'Only Human': Theater Review

Courtesy of Ahron R. Foster
Mike Squillante (left) and Gary Busey in 'Only Human'
Gary Busey as God. Do you need to know anything more?
10/28/2019

Gary Busey plays God in this new pop-rock musical also featuring Jesus, Lucifer and Mary Magdalene as principal characters.

There's a moment in the new musical Only Human in which God, played by Gary Busey (yes, that's right, more on that in a moment), sees his reflection in a mirror for the first time. The look of pure delight on God's face is indelible, and he does a sort of shimmy by way of celebrating himself. It's the most believable moment in the show.

Anyway, back to Busey. To be accurate, his character is referred to only as "The Boss." Although to be sure you understand who he really is, the program helpfully clues us in that he's God, and that the characters named Jay (Evan Maltby), Lou (Mike Squillante) and Maggie (Kim Steele) are supposed to be Jesus, Lucifer and Mary Magdalene, respectively. Apparently, the show's creators felt we otherwise wouldn't quite get it.

The first act of the world-premiere musical is set in "Heaven's front office, before time was time," which probably explains why time seems to stand still while you watch it. Considering the workplace's heavenly status, it's pretty bare-bones, containing little more than some office chairs, a wheeled metal staircase and some large cubes. In addition, God — sorry, "The Boss" — has a small private office upstairs, where he sits behind a desk at a boxy, vintage computer. Because after all, Steve Jobs, or any human being for that matter, hasn't been born yet — except, for some reason, Mary Magdalene.

The story begins with Lou proudly unveiling his idea for the creation of the human race, followed by Maggie arguing that it needs more women and Jay making a case that the essential ingredient for people should be niceness. As anyone who's ever worked in an office can guess, tensions arise, until The Boss eventually fires Lou. In any case, mankind does get rolling, as signified by a fig leaf-wearing Adam and Eve (ensemble members Ben Bogen and Lili Thomas) who engage in a pas de deux.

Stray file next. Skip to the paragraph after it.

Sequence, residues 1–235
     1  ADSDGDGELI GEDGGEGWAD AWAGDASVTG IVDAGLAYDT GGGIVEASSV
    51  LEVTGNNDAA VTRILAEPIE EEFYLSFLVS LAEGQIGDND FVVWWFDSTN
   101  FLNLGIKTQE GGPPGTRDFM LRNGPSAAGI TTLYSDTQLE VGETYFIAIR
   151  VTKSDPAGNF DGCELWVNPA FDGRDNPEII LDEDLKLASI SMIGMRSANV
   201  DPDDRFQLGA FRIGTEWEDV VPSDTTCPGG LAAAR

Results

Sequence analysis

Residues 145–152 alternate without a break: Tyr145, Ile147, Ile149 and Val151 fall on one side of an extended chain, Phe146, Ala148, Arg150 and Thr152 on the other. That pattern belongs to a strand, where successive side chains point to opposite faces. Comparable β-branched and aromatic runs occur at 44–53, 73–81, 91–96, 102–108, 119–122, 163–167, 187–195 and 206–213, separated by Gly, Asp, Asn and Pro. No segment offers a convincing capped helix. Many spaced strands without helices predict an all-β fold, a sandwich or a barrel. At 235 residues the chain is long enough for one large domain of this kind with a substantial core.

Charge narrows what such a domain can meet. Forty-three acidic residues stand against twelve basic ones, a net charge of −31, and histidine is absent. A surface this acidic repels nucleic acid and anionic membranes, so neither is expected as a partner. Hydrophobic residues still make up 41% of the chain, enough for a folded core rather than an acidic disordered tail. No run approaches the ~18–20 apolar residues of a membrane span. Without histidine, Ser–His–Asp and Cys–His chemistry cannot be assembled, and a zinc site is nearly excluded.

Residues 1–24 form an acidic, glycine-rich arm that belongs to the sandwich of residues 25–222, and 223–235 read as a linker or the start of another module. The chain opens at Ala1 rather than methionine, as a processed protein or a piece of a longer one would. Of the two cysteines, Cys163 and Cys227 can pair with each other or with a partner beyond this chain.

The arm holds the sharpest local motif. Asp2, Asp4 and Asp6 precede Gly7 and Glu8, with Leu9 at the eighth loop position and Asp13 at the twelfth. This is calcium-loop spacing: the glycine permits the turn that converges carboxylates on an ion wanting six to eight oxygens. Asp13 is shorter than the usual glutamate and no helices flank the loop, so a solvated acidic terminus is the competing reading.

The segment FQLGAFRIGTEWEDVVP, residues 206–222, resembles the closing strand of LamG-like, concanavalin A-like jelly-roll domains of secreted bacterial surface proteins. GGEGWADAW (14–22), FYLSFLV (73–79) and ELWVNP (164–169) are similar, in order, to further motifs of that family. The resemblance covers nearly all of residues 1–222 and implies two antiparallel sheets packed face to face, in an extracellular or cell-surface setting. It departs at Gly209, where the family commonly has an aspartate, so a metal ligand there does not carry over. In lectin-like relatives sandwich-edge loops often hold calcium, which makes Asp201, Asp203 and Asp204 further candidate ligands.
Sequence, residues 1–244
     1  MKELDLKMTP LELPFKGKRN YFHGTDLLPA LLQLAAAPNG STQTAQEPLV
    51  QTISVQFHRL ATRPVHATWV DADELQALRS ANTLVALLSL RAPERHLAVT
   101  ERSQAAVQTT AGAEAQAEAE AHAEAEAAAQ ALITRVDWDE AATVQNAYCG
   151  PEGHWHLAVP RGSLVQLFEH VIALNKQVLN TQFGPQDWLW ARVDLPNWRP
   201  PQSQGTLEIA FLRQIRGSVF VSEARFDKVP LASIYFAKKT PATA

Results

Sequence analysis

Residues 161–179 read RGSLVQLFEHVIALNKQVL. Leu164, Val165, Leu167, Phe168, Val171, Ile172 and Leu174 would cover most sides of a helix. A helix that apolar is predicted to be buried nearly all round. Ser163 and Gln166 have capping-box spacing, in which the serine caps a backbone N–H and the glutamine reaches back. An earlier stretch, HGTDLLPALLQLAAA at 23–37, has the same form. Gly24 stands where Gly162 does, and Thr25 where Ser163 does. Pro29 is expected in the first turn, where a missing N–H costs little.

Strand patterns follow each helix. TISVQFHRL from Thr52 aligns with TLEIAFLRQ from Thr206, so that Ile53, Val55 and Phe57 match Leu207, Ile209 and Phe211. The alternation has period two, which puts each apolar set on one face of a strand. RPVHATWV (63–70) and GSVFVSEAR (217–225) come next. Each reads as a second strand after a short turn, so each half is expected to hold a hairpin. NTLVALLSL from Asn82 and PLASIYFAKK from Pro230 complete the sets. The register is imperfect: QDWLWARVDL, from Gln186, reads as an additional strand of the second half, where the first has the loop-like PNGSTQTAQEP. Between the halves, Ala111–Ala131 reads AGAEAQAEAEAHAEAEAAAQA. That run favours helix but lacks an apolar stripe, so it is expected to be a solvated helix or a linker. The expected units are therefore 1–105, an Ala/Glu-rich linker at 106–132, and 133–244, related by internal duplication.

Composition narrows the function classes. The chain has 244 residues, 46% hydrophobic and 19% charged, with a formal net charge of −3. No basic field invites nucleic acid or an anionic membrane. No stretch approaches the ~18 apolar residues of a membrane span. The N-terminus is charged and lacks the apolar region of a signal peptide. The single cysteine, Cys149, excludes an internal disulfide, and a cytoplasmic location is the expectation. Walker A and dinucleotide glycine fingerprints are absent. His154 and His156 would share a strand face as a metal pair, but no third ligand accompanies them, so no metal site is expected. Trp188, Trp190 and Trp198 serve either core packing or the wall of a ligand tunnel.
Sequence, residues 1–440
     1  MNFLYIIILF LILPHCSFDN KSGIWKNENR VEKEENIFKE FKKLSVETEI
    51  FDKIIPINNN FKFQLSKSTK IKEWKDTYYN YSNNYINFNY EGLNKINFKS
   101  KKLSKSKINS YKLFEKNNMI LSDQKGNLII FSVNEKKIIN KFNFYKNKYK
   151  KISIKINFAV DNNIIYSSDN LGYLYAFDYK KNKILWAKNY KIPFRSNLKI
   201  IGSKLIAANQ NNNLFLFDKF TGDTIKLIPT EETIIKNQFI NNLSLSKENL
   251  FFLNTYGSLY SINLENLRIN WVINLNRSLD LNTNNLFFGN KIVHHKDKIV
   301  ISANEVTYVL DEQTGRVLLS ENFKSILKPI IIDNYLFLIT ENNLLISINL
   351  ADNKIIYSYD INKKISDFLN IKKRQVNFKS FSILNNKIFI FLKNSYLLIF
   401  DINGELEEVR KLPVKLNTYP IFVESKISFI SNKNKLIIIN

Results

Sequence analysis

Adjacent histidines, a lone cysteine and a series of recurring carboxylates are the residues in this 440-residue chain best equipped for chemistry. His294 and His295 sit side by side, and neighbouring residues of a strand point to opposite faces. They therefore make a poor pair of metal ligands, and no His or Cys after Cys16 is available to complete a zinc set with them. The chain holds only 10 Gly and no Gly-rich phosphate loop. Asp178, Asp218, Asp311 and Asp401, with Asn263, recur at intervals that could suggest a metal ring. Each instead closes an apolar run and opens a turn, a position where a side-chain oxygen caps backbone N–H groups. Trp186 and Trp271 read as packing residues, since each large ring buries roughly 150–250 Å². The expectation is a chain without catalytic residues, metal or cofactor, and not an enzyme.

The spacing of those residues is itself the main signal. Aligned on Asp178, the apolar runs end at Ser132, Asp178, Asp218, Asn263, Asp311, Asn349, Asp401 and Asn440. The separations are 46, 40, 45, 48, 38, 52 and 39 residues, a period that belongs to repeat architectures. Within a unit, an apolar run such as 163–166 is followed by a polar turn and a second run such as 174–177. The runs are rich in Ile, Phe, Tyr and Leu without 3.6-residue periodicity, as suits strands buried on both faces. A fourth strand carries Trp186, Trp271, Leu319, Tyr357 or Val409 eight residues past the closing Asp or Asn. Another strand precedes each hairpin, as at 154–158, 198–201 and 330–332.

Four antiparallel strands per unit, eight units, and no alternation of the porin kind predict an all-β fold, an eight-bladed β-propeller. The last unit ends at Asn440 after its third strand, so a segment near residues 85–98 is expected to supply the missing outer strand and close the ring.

To say that the book by Jess Carson (based on a story by Jesse Murphy and Squillante) is far from divine is an understatement. At one point, God announces he's short on time, saying, "I've got walking on water lessons at 3:00." Later, when Jay staggers into the office wearing only a loincloth and looking decidedly worse for wear, a concerned Maggie asks him, "What happened?" His reply, "They nailed me to a cross," is apparently intended to be a laugh line.

The nonsensical, unfunny proceedings also include a generic, forgettable pop/rock score composed by Squillante, who, as his bio informs us, is the singer/guitarist of a band named Running Lights. In true would-be rock star fashion, Squillante gives the lion's share of the musical numbers to himself, and even indulges in an electric guitar solo. He also certainly looks the part of both rock band frontman and Lucifer, sporting scruffy facial hair, a black leather jacket and appropriately ripped tight pants.  

Of course, it's Busey whom audiences are coming to see — whether for nostalgia over films such as The Buddy Holly Story (for which he received a best actor Oscar nomination), Lethal Weapon, Under Siege and the cult classic Point Break — or a perverse desire to gawk at the notably eccentric star of Celebrity Rehab With Dr. Drew, Celebrity Apprentice and Dancing With the Stars.

The actor's mental issues, stemming from his devastating 1988 motorcycle accident and his substance abuse problem, are well documented. He's certainly a sight to see onstage, looking quite healthy and spry at age 75. Wearing a sharp, light blue suit, he doesn't so much give a performance as project an above-it-all attitude, which admittedly feels appropriate for his role. You can see him visibly struggling at times, even as he gives the impression that he's typecast as God.

Occasionally, the actor throws in one of his trademark "Buseyisms," such as, "Fun…FUN stands for Finally Understanding Nothing." Some of his lines are prerecorded, and despite his singing experience (he impressively did his own vocals playing Holly), he barely manages to get through his sole showcase number, the title song performed as a duet with Maltby. Much of his performance consists of intently looking through the contents of file folders, of which there seems to be an inordinately large amount in heaven.  

Still, Busey is the most compelling element in a show that otherwise probably wouldn't (or at least, shouldn't) have seen the light of day in an off-Broadway production. There's also no faulting Steele, whose powerhouse vocals make the songs sound better than they are.

In the program title page, Only Human is labeled "A Blessed New Musical." That may or may not be true, but there's no doubt that audiences are going to feel cursed.

Venue: Theatre at St. Clement's, New York
Cast: Gary Busey, Evan Maltby, Mike Squillante, Kim Steele, Ben Bogen, Lili Thomas, Charles West
Book: Jess Carson
Music and lyrics: Mike Squillante
Story: Jesse Murphy, Mike Squillante
Director: NJ Agwuna
Choreographer: Josue Jasmin
Set designer: Andrew Moerdyk
Costume designer: Avery Reed
Lighting designer: Eric Norbury
Sound designer: Ben Scheff
Presented by Jesse Murphy, James Sears Bryant, Joseph Wolnick, Gylden Entertainment, James Raby, Dick & Mary Meisterling, Steven Becker, Whitney Wood, Amy Hassinger, Jela Okpara